*There’s a brief mention in her article of a Canadian feminist and twitter user taking an abuser/troll to court which I don’t know anything about and so can’t speak for Prickett’s opinion on that point.
READ – The Green Collar Economy by Van Jones
Published in 2009, Jones offers a solution to America’s two biggest problems – the economy and the environment. I am LOVING this book – it’s ambitious, solution-focused and forthright in demanding that the environmental movement make significantly more effort to include people of colour and poor people. It sets out a roadmap for communities and governments to get people out of joblessness and jail and into green and decent jobs which revitalise the U.S economy and reduce carbon emissions through a green-collar army of urban gardeners, solar panel engineers, wind turbine factory workers and home insulation fitters.
I’m half way through but already inspired by the potential application in Scotland.
GO – Rich Man’s World? The global crisis and Scotland’s role in fixing it Edinburgh, 2 & 3 March, Augustine’s church
The world is in crisis: the richest 1% have made a killing while the rest of us have been left to pick up the pieces. From the decimation of public services to the climate crisis; global debt to the erosion of rights at work, people across the planet are demanding change.
This free event is co-hosted by Jubilee Scotland, Jubilee Debt Campaign,Democratic Left Scotland and People & Planet. It will bring together people – young, old, hardened organiser or new kid on the block – from across Scotland to discuss our role in the global movement for a just, sustainable future. Book your free place now.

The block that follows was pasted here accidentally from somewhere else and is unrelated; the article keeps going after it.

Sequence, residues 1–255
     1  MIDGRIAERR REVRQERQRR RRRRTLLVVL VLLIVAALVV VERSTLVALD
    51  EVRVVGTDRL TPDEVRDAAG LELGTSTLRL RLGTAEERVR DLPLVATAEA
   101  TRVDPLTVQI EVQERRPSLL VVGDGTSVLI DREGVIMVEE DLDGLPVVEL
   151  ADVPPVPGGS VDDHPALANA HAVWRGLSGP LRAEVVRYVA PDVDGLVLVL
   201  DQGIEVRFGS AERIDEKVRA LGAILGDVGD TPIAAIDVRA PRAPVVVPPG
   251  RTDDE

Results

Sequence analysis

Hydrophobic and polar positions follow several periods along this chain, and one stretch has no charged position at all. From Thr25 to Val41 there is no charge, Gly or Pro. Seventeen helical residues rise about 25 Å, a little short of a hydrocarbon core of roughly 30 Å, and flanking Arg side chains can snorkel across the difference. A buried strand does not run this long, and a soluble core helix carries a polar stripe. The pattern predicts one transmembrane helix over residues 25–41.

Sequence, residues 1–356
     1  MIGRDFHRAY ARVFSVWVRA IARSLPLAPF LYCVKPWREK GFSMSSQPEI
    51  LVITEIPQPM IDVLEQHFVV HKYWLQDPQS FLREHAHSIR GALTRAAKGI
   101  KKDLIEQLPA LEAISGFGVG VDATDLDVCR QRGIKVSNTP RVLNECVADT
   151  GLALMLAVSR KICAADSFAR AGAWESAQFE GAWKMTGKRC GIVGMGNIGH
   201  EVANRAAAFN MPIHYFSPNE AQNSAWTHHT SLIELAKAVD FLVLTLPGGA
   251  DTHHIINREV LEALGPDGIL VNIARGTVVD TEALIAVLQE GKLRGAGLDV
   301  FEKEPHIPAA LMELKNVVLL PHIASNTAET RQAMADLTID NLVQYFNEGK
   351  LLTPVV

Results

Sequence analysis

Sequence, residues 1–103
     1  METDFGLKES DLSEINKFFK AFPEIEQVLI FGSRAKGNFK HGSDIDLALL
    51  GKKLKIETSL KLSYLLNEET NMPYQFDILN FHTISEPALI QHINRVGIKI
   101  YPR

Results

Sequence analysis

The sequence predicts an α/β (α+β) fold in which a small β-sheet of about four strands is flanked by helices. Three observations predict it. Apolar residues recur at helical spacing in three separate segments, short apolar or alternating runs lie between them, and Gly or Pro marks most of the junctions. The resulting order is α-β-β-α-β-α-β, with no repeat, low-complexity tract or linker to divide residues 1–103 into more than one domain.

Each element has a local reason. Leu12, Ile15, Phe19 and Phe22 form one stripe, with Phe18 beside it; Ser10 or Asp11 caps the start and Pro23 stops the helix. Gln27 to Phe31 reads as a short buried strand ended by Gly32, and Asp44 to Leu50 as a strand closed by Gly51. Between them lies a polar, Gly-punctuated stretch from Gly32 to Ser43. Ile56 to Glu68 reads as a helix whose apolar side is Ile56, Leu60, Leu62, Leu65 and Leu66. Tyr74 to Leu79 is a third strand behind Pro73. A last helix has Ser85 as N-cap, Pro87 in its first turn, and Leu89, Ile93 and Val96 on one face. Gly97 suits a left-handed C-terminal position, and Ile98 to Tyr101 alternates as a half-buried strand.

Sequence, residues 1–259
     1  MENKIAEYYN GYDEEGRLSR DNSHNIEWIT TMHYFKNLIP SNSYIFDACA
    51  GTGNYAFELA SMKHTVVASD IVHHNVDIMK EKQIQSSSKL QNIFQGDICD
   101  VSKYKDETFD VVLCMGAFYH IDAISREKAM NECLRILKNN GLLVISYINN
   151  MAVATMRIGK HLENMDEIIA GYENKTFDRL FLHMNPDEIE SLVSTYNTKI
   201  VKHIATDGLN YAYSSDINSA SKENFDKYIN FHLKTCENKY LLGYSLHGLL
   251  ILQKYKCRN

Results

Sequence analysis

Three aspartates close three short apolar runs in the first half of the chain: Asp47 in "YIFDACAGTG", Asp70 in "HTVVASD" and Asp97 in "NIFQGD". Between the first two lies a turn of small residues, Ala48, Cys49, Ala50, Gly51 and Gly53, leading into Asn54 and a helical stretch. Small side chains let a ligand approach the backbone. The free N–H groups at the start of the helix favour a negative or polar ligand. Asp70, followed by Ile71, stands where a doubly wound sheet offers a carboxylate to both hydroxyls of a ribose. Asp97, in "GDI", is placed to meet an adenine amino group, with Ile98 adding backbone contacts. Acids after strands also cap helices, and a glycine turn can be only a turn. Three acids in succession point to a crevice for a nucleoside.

DO – Become a Global Poverty Ambassador DEADLINE 5PM FRIDAY 1st MARCH
Since the beginning of 2010, we have been taking the story of progress to schools, conferences, communities and universities around the UK. It’s an inspiring story and 2012 we searched for selected 150 leaders in their communities to be Global Poverty Ambassadors to tell this story in their communities.
Now, in 2013, we are looking for 150 leaders from across the UK to become Global Poverty Ambassadors.
As an ambassador you will be provided with high level training and exclusive opportunities to engage with some of the world’s most prominent leaders in the fight against extreme poverty.
In 2012, the Global Poverty Ambassadors led campaigns to bring an end to Polio, change the face of aid in the Isle of Man, support the Global Fund to fight AIDS, Tuberculosis and Malaria and many more, whilst delivering the ground-breaking 1.4 Billion Reasons. 2013 Ambassadors will focus strongly on three key campaigning areas: food, transparency and gender equality.
In the next twelve months we will see unprecedented opportunities to reduce poverty – April’s Vaccine Summit in Abu Dhabi, the G8 in Northern Ireland and the announcement of the new Millennium Development Goals will shape the future of the world’s poorest people.
This is your chance to join with us and take a lead in the movement to end extreme poverty within a generation.